Nicoletta is a young woman who decides to go to Rome to see her mother who left her when she was just a child. She went there with the intention of revealing her relationship with her mother to her mother’s lover who owned a restaurant. At the restaurant Nicoletta meets Claudio, a cameriere, and is instantly drawn to him.
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After seeing the first 2 episodes, the conclusion I drew was that Ristorante Paradiso was going to be an anime about some love triangle trapped in a harem restaurant filled with old geezers. It really threw me off guard as to what to expect in the coming episodes.
Don’t get me wrong, it turn out just as I mentioned, love triangle in harem restaurant indeed, but what I didn’t expect was how crazily addictive it could get.
Watching this I feel like I was sucked into the peaceful environment of Ristorante Casetta Dell-orso, the restaurant in the anime in which most airtime takes place. The story was exciting in a romantic way as Nicoletta bonds with others with each passing episode and as the series tells the history of Ristorante Casetta Dell-orso, its staffs and its patrons in a comfortable way.
A great slice-of-life that achieves perfect pacing and a relaxing atmosphere. The world around me stops as time flies by as I drown myself in the charm of each episode. Smiling like a love-drown fool looking at the monitor. Lol!
Ristorante Paradiso explored every character with just the right balance of airtime. Characters were given enough depth without hogging up any particular episode. The staffs’ romantic pasts really sparks up the whole anime.
Characters were drawn to really bring out the European feel; Big mouth, big nose, slightly deep eye sockets. Using a mixture of thick and soft lines, coupled with the watercolor background.
The inconsistencies between some particular scenes were obvious.
Look at the beautiful cars, then look at the fingers around holding the cup -.-“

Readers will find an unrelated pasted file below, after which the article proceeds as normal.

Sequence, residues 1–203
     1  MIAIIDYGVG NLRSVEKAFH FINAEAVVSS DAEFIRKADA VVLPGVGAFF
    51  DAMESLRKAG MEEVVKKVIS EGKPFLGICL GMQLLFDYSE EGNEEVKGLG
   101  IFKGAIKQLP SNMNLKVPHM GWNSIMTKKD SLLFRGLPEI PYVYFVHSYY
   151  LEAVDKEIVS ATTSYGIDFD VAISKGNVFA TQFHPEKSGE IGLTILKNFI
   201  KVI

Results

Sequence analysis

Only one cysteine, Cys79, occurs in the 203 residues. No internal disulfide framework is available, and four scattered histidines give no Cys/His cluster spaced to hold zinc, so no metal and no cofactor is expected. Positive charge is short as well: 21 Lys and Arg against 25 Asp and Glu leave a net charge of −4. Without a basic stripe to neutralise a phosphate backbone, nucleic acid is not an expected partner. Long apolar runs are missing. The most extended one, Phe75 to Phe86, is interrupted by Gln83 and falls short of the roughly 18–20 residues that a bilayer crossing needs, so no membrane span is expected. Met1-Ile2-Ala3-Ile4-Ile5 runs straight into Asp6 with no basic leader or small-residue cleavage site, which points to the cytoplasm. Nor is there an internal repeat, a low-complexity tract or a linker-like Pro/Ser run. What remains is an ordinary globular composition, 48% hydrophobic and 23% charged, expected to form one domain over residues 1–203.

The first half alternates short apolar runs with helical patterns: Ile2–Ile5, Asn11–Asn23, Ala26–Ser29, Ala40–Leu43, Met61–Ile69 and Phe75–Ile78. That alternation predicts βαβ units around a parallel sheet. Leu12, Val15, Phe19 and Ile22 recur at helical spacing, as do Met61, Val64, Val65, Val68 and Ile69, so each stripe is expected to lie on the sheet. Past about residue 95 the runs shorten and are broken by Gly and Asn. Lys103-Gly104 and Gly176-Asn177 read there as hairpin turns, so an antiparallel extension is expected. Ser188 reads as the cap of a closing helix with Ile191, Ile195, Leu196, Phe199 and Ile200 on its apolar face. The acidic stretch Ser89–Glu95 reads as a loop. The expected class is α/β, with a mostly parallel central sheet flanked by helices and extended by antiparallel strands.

Good opening and closing theme. Suteki na Kajitsu (ステキな果実) by Lisa Komine, is an ending theme which blends so well with the mood of the anime.
Enjoy the sharp comebacks which always manage to draw laughter from me
Nicoletta didn’t exactly give a good first impression when all she talks about in the first 2 episodes was about falling in love with someone’s husband who looks easily 20 years older than her. Not that I have a problem with the age, seeing how I also fantasize about having a 25 year old wife when I turn 40. It just makes Nicoletta seem shallow.
It was great that she focused herself on her cooking skills in the later episodes. Challenging cooking brought another level of depth to her and saves her from nailing the dull “All-I-Can-Think-About-Is-You” sign on her forehead.
Caught in the act by mom, a.k.a. pPPWnnEEEddd!!! Lol!
Having just a slight bumpy opening episode, it was smooth sailing from episode 2 till the end. Could have milked out the ending just a tad more, giving it another episode to grow. Instead of ending it in a quick one-two-shoot-cut after the birthday party scene. Though, having a slightly short ending did not deter it from giving off a sense of brilliance. Ristorante Paradiso, an anime that lets you appreciate the finer things in life.
Since this review is rather short, I’m going to include some words which is commonly used in the anime. Ain’t exactly spam, just something you’d come across in Ristorante Paradiso.
Buonasera = Good Evening
Chiuso = Closed
Salve = Hello
Ciao = Bye
Buon Guorno = Good Morning
Grazie = Thank You
Prego = Your Welcome
Santa = Saint
Santa Lucia = a traditional Neapolitan song. More info: Wiki
Buon Compleano = Happy Birthday
Tanti Auguri a te = a more generic “Wish you Well” which can be used for various occasions
Piacere = Please, Pleasure, To Please. More info: Yahoo Answers
Alla Prossima = See you next time